The Hindu BusinessLine | 12 July 2023
India, EU disagree over dispute settlement in proposed investment protection pact
BY AMITI SEN
India and the EU are at loggerheads over dispute settlement under the bilateral investment protection agreement being negotiated parallelly with the free trade agreement. New Delhi is opposed to the EU’s proposal for an investor court model while Brussels is not comfortable with the exhaustion of local remedies clause in India’s model BIT, sources tracking the matter have said.
“According to the EU’s proposal, an independent and international panel or court should be permanently appointed to decide on an investment-related dispute for which both sides would need to pay. India is not prepared to give its consent to such a model,” an official told businessline.
EU opposes arbitration model
The EU, on the other hand, is opposed to the arbitration model under the model BIT drafted by the Finance Ministry to check the rising number of investment disputes filed by foreign companies against the Indian government. “The EU is especially opposed to the exhaustion of local remedies clause which requires an investor to first submit its claim before the relevant domestic courts or administrative bodies and exhaust all judicial and administrative remedies for at least five years before initiating international arbitration proceedings,” the official said.
It is important for the two sides to resolve their differences and arrive at a consensus on investment protection as the India-EU FTA has to be concluded together with the investment protection agreement.
India had discontinued almost all its Bilateral Investment Treaties (BIT), including those with EU countries, between 2016 and 2019, as the government faced several arbitration claims from investors due to the “excessively’’ investor friendly dispensation under the Investor State Dispute Settlement (ISDS) treaties.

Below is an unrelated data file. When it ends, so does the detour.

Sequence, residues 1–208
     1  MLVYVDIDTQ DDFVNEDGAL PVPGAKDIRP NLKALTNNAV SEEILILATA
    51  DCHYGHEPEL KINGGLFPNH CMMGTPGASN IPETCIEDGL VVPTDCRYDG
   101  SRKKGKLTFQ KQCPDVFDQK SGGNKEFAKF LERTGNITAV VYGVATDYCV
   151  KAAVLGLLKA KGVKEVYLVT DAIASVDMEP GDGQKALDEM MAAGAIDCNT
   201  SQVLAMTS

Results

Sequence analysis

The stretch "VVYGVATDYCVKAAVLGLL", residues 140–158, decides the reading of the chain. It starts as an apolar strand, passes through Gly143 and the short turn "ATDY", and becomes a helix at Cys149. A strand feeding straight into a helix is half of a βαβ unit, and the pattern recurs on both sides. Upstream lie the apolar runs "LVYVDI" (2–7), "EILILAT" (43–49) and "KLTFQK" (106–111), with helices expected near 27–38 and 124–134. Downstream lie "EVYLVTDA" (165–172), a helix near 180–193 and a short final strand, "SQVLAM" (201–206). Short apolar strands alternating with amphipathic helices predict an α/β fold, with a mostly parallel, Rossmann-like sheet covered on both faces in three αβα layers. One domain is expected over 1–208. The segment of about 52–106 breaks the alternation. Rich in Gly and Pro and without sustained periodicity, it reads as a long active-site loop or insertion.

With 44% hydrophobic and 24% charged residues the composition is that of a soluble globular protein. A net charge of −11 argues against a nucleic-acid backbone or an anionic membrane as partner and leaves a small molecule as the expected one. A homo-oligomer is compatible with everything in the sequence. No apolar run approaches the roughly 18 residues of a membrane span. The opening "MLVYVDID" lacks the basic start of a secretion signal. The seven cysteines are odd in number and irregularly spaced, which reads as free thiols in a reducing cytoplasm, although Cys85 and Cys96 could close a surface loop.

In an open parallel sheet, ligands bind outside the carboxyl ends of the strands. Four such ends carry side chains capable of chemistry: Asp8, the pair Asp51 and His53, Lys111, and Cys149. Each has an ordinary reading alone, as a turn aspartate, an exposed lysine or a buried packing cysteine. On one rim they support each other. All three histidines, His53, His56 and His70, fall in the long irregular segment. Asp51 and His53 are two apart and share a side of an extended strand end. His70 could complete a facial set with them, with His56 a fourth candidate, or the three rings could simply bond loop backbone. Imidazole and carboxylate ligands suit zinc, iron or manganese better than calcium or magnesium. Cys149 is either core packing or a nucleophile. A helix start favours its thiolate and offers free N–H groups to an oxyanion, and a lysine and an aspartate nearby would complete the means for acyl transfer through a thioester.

A big blow to India was losing a claim in 2011 brought by White Industries of Australia alleging excessive judicial delays in enforcing a commercial arbitration award through the Indian courts.
According to Investment Duty Settlement Navigator of UNCTAD, as many as 29 treaty-based ISDS cases have been filed against the Indian government by investors by 2022-end.
The new model BIT was hence framed by the Finance Ministry in 2016, to be more protectionist and check the growing number of cases against the government. However, it has had few takers so far. This is mostly due to the proposed arbitration mechanism, the exclusions and the exhaustion of local remedies clause.
“While New Delhi is prepared to do some tinkering’ in the model BIT’s arbitration structure to take care of EU’s concerns related to effectiveness and speed of the judicial process in India, it cannot give up on the exhaustion of local remedies clause. India has an independent judiciary and that cannot be questioned,” the source said.
Investor Court System model
The EU, on the other hand, is insistent on the Investor Court System model of dispute resolution as it has already adopted this model in the four trade and investment agreement it has concluded in the recent years with Canada, Singapore, Vietnam and Mexico.
The EU is India’s third largest trading partner, accounting for €88 billion worth of trade in goods in 2021 or 10.8 per cent of total Indian trade, after the US (11.6 per cent) and China (11.4 per cent), per EU figures. The EU is the second-largest destination for Indian exports (14.9 per cent of the total) after the US (18.1 per cent), while China only ranks fourth (5.8 per cent).
India is the EU’s 10th largest trading partner, accounting for 2.1 per cent of EU total trade in goods in 2021, well behind China (16.2 per cent), the US (14.7 per cent) or the UK (10 per cent).